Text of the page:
James Conner: Pitt's star running back, Conner, 20, will try to get healthy before he can get back on the field after missing most of the 2015 season with injury. He is fighting Stage 2 Hodgkin's lymphoma, a diagnosis he received on Thanksgiving.
Meghan Klingenberg: Coming off a Women's World Cup title with the U.S. National Team, Klingenberg, 27, will try to win a gold medal in the Summer Olympics in Brazil. The Pine-Richland graduate is a sturdy defender for the national squad.
Jamie Dixon: In his 13th season as Pitt's basketball coach, Dixon, 50, will try to guide the Panthers back to the NCAA Tournament. He is trying to improve on one of his worst seasons, as Pitt went 19-15 and lost in the first round of the NIT.
Sidney Crosby: A decade after he joined the Penguins, Crosby, 28, is at the crossroads of his career. Instead of playing at his peak, Crosby is mired in his worst season as a goal scorer.
2015's FIVE TO WATCH AND HOW THEY FARED
Dr. Amesh Adalja: Appeared on national and international news outlets weekly, talking about infectious diseases. He authored a major medical paper on bioterrorism, published in the prestigious New England Journal of Medicine. The Infectious Diseases Society of America elected him as a fellow and he will continue to be one of its national spokespeople. On a lighter note, he developed a podcast with an infectious-disease theme with a former Daily Show comedian for Midroll Media. He's also working on a book on infectious diseases entitled “Extinction Event.”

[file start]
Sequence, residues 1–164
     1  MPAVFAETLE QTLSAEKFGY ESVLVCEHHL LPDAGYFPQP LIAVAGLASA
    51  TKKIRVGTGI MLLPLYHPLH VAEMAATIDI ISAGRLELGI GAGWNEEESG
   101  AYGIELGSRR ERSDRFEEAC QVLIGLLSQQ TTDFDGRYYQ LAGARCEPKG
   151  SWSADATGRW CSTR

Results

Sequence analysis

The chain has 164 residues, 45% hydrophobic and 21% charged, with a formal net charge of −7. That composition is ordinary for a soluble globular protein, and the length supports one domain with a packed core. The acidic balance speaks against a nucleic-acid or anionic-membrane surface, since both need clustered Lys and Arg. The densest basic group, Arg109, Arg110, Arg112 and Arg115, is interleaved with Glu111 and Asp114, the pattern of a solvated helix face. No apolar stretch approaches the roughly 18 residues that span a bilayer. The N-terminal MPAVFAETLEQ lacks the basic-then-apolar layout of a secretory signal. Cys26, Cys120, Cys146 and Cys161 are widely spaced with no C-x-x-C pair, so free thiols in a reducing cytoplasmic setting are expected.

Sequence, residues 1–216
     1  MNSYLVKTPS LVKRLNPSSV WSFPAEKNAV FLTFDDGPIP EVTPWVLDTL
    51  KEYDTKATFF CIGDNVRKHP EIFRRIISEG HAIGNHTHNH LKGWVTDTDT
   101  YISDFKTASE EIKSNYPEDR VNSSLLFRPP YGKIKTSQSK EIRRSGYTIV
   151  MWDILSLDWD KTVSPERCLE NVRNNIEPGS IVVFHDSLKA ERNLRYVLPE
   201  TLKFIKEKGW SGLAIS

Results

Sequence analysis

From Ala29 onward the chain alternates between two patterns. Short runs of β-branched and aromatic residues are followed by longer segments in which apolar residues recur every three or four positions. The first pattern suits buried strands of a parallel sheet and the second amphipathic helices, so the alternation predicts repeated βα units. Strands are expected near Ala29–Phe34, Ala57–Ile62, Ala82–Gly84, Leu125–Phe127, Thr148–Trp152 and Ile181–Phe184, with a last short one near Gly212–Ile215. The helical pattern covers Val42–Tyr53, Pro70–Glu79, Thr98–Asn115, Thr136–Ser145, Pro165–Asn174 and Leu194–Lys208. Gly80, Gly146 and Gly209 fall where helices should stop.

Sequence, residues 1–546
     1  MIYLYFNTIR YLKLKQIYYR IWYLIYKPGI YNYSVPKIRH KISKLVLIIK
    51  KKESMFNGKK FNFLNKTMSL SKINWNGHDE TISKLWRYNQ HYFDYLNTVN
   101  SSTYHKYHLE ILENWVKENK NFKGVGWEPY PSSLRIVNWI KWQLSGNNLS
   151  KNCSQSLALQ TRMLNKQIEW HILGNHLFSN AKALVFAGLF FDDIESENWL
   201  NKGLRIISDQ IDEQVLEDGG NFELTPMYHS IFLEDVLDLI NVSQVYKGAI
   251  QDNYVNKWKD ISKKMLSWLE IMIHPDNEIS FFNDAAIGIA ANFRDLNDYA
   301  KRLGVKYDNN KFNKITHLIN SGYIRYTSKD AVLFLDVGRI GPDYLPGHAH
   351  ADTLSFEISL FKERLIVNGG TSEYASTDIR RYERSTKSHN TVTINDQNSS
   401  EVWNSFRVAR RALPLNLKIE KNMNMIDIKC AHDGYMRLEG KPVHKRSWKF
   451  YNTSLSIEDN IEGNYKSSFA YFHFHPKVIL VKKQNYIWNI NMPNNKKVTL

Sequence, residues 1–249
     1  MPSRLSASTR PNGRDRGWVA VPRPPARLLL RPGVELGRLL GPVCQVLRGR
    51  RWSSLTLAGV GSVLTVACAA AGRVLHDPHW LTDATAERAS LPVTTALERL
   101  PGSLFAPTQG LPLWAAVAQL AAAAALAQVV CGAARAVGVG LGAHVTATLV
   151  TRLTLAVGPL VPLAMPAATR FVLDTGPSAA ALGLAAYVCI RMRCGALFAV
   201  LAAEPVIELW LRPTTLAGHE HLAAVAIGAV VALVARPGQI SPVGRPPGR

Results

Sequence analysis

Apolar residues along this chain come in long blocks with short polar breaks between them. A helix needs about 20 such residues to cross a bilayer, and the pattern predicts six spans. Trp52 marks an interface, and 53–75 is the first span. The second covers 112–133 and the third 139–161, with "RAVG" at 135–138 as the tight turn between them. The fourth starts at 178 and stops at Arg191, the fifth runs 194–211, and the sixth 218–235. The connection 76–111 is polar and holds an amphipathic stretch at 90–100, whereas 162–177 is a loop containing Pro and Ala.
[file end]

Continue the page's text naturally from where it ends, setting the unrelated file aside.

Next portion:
Nick Deluliis: The CEO of Cecil-based Consol Energy Inc., watched the company's stock tumble 80 percent in 2015 as the price of both of its products — coal and natural gas — were battered by weak markets and oversupply. DeIuliis shut down Consol's shale drilling program until 2017 and laid off several hundred employees as the company looked for opportunities to sell some assets. He said the painful cuts in gas activity, combined with earlier investments in coal mines, will position Consol well for when markets improve.
Pat Narduzzi: Pitt's first-year football coach, at his introductory news conference less than a week before the start of 2015, stood at a podium and rocked back and forth, trying hard to show some decorum while bottling up his energy. Finally unleashed upon his team, prospective recruits and a fan base thirsting for victories, Narduzzi turned Pitt from an ACC afterthought into a championship contender in his first year. Pitt won more games than its fans had grown accustomed to winning, but the challenge next is to transfer that success onto the recruiting trail.
Jo Ellen Parker: In August 2014, became the 10th president and first woman to lead the Carnegie Museums of Pittsburgh. She's made “social inclusion” — getting the wonder of the arts and sciences to all people — a core value for the museums. To that end, she established and hired Cecile Shellman for the new position of “diversity catalyst.” And the museums are undergoing a major audit to determine how well they comply with best practices and ADA standards.
Gov. Tom Wolf: Took office and quickly learned a rookie can't make changes easily. His $30 billion tax-and-spend plan led to a six-month budget impasse. He could not secure a tax on shale gas to provide millions of dollars for public education because GOP lawmakers wanted to reform public pensions and sell liquor stores in exchange. Wolf lost a court fight to fire the open records chief, withdrew his choice for state police commissioner, and could not appoint two Supreme Court nominees. By year's end, his popularity dipped.